The several forms of osteogenesis imperfecta (OI) have been classified, representing wide variation in appearance and severity, and clinical features vary widely not only between types but within types.
Osteogenesis imperfecta was initially classified by type according to a scheme developed by David Sillence, Australian clinical geneticist, based mainly on family history, clinical presentation and radiologic findings. It has since been modified due to the advance in genetics, with the following classification described by Glorieux and Rauch. Further detail can be found on the Osteogenesis Imperfecta Foundation website 1,2,4.
Type I - mild
Type I is the commonest form (accounting for up to 50% of all cases) and is fortunately also the mildest form. It demonstrates autosomal dominant inheritance. Clinical features include:
- general bone fragility and predisposition to fracture
- stature is normal or near-normal
- loose joints and muscle weakness
- bone deformity absent or minimal
- head and neck features
- sclera often have a blue, purple, or grey tint
- brittle teeth (dentinogenesis imperfecta) differentiates between the two subtypes IA (without) and IB (with)
- predisposed to hearing loss
Type II - perinatal lethal
Type II is the most severe form and is lethal at or shortly after birth mostly due to multiple rib fractures and pulmonary hypoplasia. It results from new dominant mutations to type 1 collagen genes. Clinical features include:
Type III - progressive deforming
OI Type III is the most severe type among children who survive the neonatal period. The degree of bone fragility and the fracture rate vary widely. The majority of OI Type III cases result from dominant mutations in type I collagen genes. Clinical features include:
- at birth, infants generally have mildly shortened and bowed limbs, small chests, and a soft calvarium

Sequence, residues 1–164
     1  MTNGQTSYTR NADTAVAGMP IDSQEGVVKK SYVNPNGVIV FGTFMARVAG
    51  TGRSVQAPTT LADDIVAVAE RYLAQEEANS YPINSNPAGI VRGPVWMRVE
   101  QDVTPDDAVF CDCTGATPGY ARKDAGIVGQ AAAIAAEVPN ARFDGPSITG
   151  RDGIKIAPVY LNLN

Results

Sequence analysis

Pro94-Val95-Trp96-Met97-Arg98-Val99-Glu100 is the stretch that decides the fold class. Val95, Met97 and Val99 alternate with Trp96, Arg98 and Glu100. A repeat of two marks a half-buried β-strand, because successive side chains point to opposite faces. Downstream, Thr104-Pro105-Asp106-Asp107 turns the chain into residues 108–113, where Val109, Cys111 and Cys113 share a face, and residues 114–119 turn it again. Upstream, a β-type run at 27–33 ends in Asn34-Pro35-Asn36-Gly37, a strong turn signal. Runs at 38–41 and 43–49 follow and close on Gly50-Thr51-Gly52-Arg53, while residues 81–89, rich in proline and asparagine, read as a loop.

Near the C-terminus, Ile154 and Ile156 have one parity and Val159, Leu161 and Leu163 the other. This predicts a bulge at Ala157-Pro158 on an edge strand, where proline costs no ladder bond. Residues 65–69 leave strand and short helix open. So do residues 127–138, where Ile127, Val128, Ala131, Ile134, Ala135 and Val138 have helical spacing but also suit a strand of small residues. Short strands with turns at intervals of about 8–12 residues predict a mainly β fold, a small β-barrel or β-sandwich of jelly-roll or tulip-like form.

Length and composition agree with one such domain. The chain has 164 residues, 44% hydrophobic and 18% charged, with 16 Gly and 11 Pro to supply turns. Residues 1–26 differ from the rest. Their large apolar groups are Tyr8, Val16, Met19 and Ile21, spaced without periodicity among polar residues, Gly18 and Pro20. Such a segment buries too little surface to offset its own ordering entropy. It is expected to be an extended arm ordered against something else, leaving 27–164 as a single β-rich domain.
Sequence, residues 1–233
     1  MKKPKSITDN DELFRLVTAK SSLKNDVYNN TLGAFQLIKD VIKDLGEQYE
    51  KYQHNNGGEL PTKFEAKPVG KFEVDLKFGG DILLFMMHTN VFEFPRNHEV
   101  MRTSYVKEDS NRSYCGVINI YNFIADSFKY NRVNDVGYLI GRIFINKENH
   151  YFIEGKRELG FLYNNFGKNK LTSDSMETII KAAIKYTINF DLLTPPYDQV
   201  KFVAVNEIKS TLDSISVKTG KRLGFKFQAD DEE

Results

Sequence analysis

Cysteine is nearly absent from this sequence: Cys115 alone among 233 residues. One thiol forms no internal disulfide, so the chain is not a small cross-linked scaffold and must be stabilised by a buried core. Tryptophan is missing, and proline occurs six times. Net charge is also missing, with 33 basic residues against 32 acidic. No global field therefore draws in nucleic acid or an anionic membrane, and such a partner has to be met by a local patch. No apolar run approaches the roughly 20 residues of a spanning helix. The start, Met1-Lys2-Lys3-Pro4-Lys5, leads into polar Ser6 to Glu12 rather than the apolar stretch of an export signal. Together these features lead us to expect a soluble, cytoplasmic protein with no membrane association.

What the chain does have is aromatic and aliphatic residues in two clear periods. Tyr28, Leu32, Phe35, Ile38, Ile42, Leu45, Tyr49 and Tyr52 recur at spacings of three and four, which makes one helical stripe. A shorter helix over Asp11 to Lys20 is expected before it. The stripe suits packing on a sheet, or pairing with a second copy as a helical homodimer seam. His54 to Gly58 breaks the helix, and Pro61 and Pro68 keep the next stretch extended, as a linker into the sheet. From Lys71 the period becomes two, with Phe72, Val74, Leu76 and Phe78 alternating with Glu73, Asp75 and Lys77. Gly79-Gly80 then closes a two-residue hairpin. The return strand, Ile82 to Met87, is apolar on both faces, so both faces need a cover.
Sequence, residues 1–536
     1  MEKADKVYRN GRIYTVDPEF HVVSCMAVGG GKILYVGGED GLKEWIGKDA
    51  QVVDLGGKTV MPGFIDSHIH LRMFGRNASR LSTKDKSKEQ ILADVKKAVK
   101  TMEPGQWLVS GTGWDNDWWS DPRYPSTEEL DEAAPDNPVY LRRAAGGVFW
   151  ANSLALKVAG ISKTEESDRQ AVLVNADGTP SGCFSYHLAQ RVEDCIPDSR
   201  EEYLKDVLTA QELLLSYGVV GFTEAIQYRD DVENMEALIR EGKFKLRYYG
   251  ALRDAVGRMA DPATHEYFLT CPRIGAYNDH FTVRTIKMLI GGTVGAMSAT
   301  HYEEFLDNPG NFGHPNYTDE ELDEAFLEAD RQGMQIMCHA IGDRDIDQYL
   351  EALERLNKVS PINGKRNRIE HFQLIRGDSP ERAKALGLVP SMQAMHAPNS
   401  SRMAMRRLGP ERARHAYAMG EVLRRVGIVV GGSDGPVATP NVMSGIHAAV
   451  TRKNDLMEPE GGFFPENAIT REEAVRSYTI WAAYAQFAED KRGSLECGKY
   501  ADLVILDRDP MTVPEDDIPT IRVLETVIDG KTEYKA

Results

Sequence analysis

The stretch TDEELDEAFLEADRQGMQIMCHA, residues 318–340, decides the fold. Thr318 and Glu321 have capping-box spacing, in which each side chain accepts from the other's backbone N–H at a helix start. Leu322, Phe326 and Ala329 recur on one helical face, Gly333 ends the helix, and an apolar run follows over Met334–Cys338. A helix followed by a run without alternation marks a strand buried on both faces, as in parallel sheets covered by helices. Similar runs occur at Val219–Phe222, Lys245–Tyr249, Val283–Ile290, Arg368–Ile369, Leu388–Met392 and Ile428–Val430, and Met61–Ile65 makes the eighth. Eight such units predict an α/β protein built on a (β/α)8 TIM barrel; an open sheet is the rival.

- bones fracture easily; fractures are often present at birth, and x-rays may reveal healed fractures that occurred before birth
- short stature
- rotoscoliosis and vertebral compression fractures.
- the altered structure of the growth plates gives a popcorn-like appearance to the metaphyses and epiphyses.
- head and neck features
- sclera have a blue, purple, or grey tint
- triangular face
- hearing loss
- dentinogenesis imperfecta
Type IV - moderate-severe
People with OI Type IV are moderately affected. Type IV can range in severity from relatively few fractures, as in OI Type I, to a more severe form resembling OI Type III. Clinical features include:
- bones fracture easily, most before puberty
- shorter than average stature for age
- mild to moderate bone deformity
- head and neck features:
- sclerae are often light blue in infancy, but the color intensity varies - the sclerae may lighten to white later in childhood or early adulthood
- triangular face
- dentinogenesis imperfecta possible
- hearing loss possible
Similar to Type IV in appearance and symptoms of OI. Dominant inheritance pattern.
Clinical features include:
- large hypertrophic calluses at the fracture or surgical procedure sites
- calcification of the interosseous membrane between the radius and ulna restricts forearm rotation and may cause dislocation of the radial head
OI Type VI is extremely rare. It is moderate in severity and similar in appearance and symptoms to OI Type IV and is distinguished by a characteristic mineralization defect seen in biopsied bone. Mode of inheritance is unknown.
Types VII and VIII
Two recessive types of OI, types VII and VIII, were recently identified.
Recessively inherited OI has been discovered in people with lethal, severe, and moderate OI. There is no evidence of a recessive form of mild OI. Recessive inheritance probably accounts for fewer than 10 percent of OI cases.
- some cases of OI type VII resemble OI type IV in many aspects of appearance and symptoms
- other cases resemble OI type II, except that infants have white sclerae, small heads and round faces
- cases of OI type VIII are similar to OI types II or III in appearance and symptoms except for white sclerae
Additional forms of OI
The following conditions are rare, but they feature fragile bones plus other significant symptoms.
More detailed information on them can be found in Pediatric Bone: Biology and Diseases, Glorieux et al, 2003 3.
- osteoporosis-pseudoglioma syndrome: severe form of OI that also causes blindness
- Cole-Carpenter syndrome: OI with craniosynostosis and ocular proptosis.
- Bruck syndrome: OI with congenital joint contractures
- OI / Ehlers-Danlos syndrome: recently identified syndrome features fragile bones and extreme ligament laxity
- 2. Rauch F, Glorieux FH. Osteogenesis imperfecta. Lancet. 2004;363 (9418): 1377-85. doi:10.1016/S0140-6736(04)16051-0 - Pubmed citation
- 3. Lovell WW, Winter RB, Morrissy RT et-al. Lovell & Winter's Pediatric Orthopaedics. Lippincott Williams & Wilkins. (2006) ISBN:0781753589. Read it at Google Books - Find it at Amazon
- 4. http://www.oif.org/site/DocServer/pediatricians_guide.pdf?docID=7941